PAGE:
Wild Mushroom Picking in Denmark and Oxford

During my recent trip to Denmark a friend and his father offered to take me mushroom picking. and I jumped at the opportunity. I’m a big fan of mushrooms in cooking, particularly the more prized varieties like morels, ceps, chanterelles, and of course truffles. Mushrooms like these add a lot to dishes, particularly in sauces, but usually come with a big price tag, and aren’t usually sold in supermarkets. So when we went foraging, I wasn’t expecting to find any truffles- just given the location we were in- but if I learnt to find some of the popular cooking mushrooms like chanterelles, I’d be pretty pleased.

Of course, one of the main things that makes foraging for mushrooms different from other kinds of foraging is the fact some of them are poisonous. Blackberries and lavender are very easy to forage. Even elderflower, for example, is fairly straightforward to recognise the smell of the flower and the shape of the leaves- and if you get the wrong thing, like cow parsley, it just tastes bad. But with mushrooms, something that looks slightly different- a yellow tinge on the stem, for example- can be the difference between edible and deadly poisonous. So this can make it difficult for beginners to start picking wild mushrooms with any confidence. One way to avoid this, as I was lucky enough to be able to do when in Denmark, is to go picking with people who already know what is safe and what isn’t.

But if you don’t have this luxury, there is still hope. I was told that you can pick a poisonous mushroom, take it home, identify it, and throw it in the bin, all safely (just don’t eat it). So if you get hold of a good field guide (I was recommended Roger Phillips ‘Mushrooms‘), you can pick with much more confidence. Similarly, if you can’t tell whether or not the mushroom you picked is edible, or can’t figure out the variety, just don’t eat it.

So how do you go about foraging for wild mushrooms? The most important thing to bear in mind is that mushrooms have a symbiotic relationship with trees, that is that they help the trees, and the trees help them. So when you see a mushroom, it’s connected to some tree underground. Consequently, if you figure out which kind of trees to look for, and what kind of environment to look for, that’s the first part. Big, old trees are better, and woodlands, like forests, provide good growing environments. Mushrooms will grow in the same place year to year, so if you find a good crop in one place, remember where it is for next year. Most mushrooms are in season during Autumn and early winter, but a few, like morels, come out in the spring, or other times of the year. In picking the mushroom- pick the whole stem out of the ground- you are spreading the spores around, so helping the mushroom reproduce. Perhaps this is why they have evolved to be so tasty- being picked, then presumably eaten, helps them to reproduce.

In Denmark we drove out a little way into the countryside, and just pulled up at the side of the road running through a forest- clearly somewhere my guides had been before. We had to have a good look around to find the mushrooms, of which I would say around 1/3 were edible. Apparently, due to the weather, 2012 has been a terrible year for mushrooms, as it has for apples and other fruits. So perhaps it wasn’t surprising that we didn’t find the chanterelles and ‘horn of plenty’ that we were looking for. However, after a trip to a local park, we had a handful of mushrooms to bring back (see picture at top), probably enough for a sauce, but not enough to dry any to keep for later use.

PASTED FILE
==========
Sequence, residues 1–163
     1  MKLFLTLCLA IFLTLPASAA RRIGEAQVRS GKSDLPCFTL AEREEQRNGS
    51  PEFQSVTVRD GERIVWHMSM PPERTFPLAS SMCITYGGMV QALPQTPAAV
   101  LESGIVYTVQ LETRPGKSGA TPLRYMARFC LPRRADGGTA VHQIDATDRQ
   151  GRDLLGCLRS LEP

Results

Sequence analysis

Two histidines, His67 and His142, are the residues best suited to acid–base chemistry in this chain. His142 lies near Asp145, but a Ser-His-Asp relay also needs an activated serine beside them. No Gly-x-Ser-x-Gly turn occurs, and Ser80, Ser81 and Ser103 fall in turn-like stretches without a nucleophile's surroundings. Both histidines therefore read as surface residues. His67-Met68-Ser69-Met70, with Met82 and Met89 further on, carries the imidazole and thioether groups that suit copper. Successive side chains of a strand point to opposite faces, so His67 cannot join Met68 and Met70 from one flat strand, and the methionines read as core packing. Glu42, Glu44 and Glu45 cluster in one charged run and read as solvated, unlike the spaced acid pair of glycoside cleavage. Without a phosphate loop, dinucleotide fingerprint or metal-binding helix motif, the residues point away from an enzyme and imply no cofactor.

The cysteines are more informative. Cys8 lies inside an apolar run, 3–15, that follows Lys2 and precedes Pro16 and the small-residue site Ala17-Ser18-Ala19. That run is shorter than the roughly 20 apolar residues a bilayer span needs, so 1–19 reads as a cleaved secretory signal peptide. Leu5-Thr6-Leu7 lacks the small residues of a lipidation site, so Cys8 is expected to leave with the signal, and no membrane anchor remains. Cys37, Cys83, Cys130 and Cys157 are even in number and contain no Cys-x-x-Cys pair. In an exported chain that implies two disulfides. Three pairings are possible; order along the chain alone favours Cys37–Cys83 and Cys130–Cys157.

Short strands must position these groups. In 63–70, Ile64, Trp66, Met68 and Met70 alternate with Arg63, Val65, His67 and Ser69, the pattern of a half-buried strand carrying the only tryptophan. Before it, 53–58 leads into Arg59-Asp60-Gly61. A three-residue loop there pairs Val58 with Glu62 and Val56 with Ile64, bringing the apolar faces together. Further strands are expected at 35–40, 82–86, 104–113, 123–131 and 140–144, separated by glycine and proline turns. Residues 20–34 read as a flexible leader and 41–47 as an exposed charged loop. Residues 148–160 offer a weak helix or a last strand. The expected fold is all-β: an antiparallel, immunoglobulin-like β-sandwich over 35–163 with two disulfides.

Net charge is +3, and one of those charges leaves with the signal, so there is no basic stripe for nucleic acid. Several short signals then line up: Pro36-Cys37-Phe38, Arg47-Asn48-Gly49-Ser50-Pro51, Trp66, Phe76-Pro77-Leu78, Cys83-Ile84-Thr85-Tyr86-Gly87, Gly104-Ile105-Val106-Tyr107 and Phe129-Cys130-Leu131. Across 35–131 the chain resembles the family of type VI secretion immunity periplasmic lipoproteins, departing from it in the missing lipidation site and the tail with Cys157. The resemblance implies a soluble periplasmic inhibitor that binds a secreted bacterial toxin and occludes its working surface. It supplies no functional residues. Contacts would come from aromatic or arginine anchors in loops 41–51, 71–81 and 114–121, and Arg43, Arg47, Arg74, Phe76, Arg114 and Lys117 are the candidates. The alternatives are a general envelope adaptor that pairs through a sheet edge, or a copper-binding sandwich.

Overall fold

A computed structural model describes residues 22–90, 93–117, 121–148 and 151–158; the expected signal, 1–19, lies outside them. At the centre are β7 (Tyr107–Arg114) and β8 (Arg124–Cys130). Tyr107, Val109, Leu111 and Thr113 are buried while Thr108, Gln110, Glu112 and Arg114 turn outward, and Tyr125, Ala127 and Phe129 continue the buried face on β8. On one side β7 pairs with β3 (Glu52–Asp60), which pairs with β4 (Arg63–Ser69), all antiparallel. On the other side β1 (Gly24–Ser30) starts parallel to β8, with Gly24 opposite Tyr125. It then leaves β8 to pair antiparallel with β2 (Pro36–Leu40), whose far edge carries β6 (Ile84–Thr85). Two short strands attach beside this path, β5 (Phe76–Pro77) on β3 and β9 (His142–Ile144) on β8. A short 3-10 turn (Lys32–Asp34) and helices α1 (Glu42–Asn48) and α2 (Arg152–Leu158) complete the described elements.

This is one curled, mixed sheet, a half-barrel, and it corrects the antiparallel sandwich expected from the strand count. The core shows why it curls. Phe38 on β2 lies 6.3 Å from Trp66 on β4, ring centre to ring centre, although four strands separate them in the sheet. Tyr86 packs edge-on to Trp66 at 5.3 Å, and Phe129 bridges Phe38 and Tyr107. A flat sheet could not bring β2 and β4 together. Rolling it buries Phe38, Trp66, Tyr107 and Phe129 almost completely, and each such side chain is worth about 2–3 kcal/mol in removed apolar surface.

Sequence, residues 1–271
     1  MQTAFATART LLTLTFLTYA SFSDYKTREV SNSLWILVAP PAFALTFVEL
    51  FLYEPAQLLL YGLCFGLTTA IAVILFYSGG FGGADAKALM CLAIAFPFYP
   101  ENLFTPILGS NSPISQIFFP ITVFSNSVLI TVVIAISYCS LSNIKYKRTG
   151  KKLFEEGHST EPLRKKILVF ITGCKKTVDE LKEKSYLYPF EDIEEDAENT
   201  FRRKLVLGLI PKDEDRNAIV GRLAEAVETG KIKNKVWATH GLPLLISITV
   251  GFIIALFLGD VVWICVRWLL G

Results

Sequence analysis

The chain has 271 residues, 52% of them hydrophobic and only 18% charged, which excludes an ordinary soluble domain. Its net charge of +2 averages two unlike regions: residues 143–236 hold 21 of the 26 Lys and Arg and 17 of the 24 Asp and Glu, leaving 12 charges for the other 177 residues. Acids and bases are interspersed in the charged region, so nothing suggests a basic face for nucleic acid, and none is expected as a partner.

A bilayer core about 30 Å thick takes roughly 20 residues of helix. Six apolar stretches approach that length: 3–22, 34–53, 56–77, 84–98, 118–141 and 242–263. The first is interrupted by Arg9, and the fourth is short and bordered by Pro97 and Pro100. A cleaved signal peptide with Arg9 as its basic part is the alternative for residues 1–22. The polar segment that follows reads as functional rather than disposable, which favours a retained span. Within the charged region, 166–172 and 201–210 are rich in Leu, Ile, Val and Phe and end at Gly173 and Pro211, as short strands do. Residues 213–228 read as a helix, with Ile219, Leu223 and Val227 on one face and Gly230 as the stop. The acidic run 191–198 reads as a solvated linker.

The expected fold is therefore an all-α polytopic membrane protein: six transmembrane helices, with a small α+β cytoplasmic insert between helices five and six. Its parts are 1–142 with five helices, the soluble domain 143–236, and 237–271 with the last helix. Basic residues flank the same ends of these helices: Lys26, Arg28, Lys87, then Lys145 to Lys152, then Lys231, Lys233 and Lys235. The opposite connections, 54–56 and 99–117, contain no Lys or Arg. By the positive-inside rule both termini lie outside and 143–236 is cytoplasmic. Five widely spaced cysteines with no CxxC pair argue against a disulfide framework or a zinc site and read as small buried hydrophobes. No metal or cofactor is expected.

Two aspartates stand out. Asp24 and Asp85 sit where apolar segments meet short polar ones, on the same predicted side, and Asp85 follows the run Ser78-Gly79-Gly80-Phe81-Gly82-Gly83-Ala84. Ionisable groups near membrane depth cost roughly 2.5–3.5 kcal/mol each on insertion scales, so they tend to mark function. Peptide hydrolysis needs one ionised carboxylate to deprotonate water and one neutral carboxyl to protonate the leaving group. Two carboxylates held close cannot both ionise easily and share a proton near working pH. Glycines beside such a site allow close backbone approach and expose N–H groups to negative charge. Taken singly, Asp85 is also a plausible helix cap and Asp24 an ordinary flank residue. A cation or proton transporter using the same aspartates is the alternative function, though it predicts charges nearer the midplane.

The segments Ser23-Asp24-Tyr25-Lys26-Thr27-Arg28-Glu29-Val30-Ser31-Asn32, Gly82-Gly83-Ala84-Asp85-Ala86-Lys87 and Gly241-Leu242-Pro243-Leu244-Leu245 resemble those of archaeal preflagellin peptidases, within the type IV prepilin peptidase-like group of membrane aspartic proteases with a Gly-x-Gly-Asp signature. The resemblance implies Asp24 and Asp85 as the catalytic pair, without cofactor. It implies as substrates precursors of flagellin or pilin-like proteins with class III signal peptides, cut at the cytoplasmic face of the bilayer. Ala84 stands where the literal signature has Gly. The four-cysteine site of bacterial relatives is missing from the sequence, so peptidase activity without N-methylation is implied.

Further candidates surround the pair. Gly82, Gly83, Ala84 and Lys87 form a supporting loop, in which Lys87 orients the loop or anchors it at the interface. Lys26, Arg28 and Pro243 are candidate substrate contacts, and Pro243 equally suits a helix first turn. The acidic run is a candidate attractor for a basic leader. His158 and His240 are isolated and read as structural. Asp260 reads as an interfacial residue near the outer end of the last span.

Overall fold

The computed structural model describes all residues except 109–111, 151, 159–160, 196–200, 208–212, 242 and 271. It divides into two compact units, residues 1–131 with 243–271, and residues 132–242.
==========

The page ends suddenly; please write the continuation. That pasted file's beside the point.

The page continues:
Looking for mushrooms in the UK has yielded less luck. During a few trips around local parks in Oxford, notably University Parks, I’ve barely seen any mushrooms, let alone edible ones. When I was visiting my brother and his wife in Bournemouth recently, we took a trip into the New Forest to see what we could find. Here we found many mushrooms (including some really poisonous ones). We saw loads of a variety called ‘puffballs’, but as with Oxford, nothing that could be identified as edible. Perhaps the areas we looked had already been foraged over.

But recently, just on a walk around my local estate, we found some ‘shaggy inkcaps’ (also named lawyer’s wigs, picture above left). The field guide described them highly common, and with their unique shape, we felt confident we had got the identity correct- it really couldn’t be anything else. What’s more, the book had the magic word ‘edible’, and even said they were “good” to eat. So eat them we did- steak, wedges, and fried mushrooms- and indeed they were good, if the texture was a little wanting. But, as usual with foraging, don’t rely on finding your dinner out there, and you might not even find anything. You’ll always get a nice walk in the woods, if nothing else, so give it a go.

Simple wild mushroom sauce

30g dried mushrooms
100ml dry sherry or white vermouth
300ml double cream

1. Soak the mushrooms. Soak the mushrooms in 250ml water for 30 minutes. Keep the water you are soaking the mushrooms in, but strain it through a muslin to get rid of dirt.
2. Make the sauce. Add the sherry and mushrooms to the water. Bring to the boil, add the double cream, then reduce down to the consistency required.


1 Comment (+add yours?)

  1. Trackback: Porcini and Scallop Tartlets « oxfood

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